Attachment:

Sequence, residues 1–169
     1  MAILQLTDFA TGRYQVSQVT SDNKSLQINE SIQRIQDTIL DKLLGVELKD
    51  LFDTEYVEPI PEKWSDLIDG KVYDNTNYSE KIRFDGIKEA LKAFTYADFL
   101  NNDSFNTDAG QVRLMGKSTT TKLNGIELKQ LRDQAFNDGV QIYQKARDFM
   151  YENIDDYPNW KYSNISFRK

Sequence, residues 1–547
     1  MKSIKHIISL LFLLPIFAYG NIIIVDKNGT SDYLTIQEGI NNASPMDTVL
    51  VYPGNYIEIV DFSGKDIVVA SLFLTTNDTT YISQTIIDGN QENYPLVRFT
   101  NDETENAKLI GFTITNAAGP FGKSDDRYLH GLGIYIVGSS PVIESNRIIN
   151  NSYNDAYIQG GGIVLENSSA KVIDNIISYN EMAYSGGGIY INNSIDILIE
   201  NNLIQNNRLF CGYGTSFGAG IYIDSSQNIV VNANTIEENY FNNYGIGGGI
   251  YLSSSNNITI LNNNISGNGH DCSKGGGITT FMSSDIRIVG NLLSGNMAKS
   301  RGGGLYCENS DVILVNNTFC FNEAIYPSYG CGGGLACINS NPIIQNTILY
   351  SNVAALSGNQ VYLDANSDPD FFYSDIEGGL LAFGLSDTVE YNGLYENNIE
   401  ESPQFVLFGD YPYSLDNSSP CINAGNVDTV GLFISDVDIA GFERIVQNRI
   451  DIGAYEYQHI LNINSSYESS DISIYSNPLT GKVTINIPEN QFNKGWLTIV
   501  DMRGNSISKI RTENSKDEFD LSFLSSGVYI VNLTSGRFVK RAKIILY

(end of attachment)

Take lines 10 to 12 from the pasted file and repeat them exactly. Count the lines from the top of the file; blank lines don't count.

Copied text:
   151  NSYNDAYIQG GGIVLENSSA KVIDNIISYN EMAYSGGGIY INNSIDILIE
   201  NNLIQNNRLF CGYGTSFGAG IYIDSSQNIV VNANTIEENY FNNYGIGGGI
   251  YLSSSNNITI LNNNISGNGH DCSKGGGITT FMSSDIRIVG NLLSGNMAKS